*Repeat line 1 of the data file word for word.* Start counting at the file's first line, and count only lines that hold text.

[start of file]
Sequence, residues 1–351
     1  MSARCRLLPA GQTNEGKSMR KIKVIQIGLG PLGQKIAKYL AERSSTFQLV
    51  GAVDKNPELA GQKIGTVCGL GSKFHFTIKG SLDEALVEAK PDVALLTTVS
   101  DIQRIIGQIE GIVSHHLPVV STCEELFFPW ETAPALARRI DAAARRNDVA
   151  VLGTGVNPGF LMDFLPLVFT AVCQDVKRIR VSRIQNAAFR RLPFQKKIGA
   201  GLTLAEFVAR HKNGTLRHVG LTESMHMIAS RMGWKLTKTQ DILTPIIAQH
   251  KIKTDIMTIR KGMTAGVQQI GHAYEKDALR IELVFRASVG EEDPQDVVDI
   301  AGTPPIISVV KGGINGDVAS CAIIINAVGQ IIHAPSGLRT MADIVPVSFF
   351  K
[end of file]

Sequence, residues 1–351